The Cowichan Performing Arts Centre presents the short film ‘Standing By’ with Nicole Ratjen. (Submitted photo)

Arts and Entertainment column: Art, film, books and music all on tap in Cowichan

Here are a few of the things going on in Cowichan’s arts community.

What could a public art gallery in the Cowichan Valley look like?

The Cowichan Valley Public Art Gallery group aims to answer that question as it unveils its vision statement Saturday, Oct. 3, at 1 p.m. at the Green Door in Duncan.

“We aspire to build a 25,000 to 35,000 square foot Public Art Gallery in the Cowichan Valley. The purpose of the gallery will be to host traveling and local exhibits of world-class contemporary art in a building that will be unique on Vancouver Island,” the group says.

While no site or design has been chosen, the group will show a series of conceptual renderings to give people an idea of the possibilities of such a project.

Aside from exhibit space, the group sees the building including an arts centre with studio and classroom space, as well as a gift shop and coffee bar.

For the full picture head down on Saturday, or check out


The Cowichan Performing Arts Centre is forging ahead, in spite of the curtailment of their usual business by the COVID-19 pandemic.

On Tuesday, Sept. 29 the centre launched a streaming short film called Standing By.

“Filmed at the Cowichan Peforming Arts Centre, the movie explores the many mixed feelings of artists during COVID-19,” a press release about the film states.

Standing By has been created and performed by Cowichan-raised actor Nicole Ratjen.

“The film, clocking in at just under five minutes, uses the incredible dimensions of the Cowichan Performing Arts Centre to explore the feelings of anger, sadness, rage, confusion, and hope that the onset of the pandemic provoked in artists like Ratjen,” the release says.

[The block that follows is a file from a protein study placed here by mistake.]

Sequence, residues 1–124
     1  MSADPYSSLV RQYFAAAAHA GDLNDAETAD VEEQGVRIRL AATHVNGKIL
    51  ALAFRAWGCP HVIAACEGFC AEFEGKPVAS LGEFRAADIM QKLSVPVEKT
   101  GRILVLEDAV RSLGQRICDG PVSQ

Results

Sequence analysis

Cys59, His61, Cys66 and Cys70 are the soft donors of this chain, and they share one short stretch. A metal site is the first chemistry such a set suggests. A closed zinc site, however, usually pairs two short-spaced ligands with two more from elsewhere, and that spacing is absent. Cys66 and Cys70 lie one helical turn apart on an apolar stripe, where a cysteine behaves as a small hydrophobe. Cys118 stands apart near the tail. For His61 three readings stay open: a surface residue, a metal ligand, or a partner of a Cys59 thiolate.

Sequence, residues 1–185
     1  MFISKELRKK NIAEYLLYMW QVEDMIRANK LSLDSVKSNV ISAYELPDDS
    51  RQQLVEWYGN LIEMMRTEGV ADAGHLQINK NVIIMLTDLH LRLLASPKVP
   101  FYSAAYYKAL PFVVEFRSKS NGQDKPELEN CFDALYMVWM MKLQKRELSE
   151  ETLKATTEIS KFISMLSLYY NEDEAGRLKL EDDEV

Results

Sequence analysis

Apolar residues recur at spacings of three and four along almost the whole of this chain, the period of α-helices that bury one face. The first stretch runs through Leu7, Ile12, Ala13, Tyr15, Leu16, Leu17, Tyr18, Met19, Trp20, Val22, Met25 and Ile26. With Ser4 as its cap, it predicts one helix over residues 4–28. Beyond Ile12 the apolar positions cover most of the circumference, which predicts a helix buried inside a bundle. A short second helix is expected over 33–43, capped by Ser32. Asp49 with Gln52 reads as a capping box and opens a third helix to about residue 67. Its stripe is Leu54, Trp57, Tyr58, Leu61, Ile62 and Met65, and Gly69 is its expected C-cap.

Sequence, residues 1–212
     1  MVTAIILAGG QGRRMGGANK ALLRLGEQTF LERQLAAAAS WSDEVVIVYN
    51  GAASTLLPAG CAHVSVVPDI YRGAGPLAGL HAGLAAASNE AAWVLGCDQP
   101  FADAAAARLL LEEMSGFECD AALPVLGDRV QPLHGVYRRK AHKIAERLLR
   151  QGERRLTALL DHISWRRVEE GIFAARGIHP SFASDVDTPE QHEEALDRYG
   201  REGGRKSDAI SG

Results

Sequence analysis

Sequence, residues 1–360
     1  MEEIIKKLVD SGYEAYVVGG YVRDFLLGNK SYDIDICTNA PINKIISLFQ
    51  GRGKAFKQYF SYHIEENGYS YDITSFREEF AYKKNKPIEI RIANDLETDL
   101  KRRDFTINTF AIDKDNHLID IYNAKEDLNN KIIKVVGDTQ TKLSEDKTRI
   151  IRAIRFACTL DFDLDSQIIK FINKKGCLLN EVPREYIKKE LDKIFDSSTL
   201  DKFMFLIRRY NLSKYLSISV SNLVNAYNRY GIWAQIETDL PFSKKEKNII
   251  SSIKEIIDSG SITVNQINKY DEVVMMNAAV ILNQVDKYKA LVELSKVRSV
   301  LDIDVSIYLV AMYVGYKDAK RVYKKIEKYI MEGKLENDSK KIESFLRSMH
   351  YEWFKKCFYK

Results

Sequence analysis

“I am usually onstage 10 times a week in Berlin,” says Ratjen. “But the pandemic stopped me in my traps and I found myself back home for seven months, sheltering in place on my parent’s property; I wanted to create something that expressed all of the feelings that were inside of me, and having grown up performing on the stage at the Cowichan Performing Arts Centre, I wanted to explore this beautiful space that found itself unexpectedly dark and empty. I wanted to climb the walls, touch the curtains, and connect with the space.”

After receiving a Bachelor of Fine Arts from York University in Toronto specialising in Devised Theatre and Theatrical Design, Ratjen furthered her training in Europe. She attended L’École Internationale de Théâtre Jacques Lecoq in Paris and alongside the cours professional she participated in the Laboratory Study of Movement (LEM), the press release said.

As an actor and director, Ratjen has worked on production throughout Canada, across Europe and around Australia. She continues to develop and create new works for the screen and stage.

Viewers can stream the short film at or


The Duncan branch of the Vancouver Island Regional Library is now open for walkthrough service. It joins the South Cowichan library branch in offering the increased service.

“It is so exciting to see our Cowichan branch opening up for walkthrough service,” says Melissa Legacy, VIRL’s director of Library Services and Planning, in a press release. “We know from experience that our communities are responding very well to this limited in-branch service and I have no doubt that our Cowichan branch will provide important connections and access to community members.”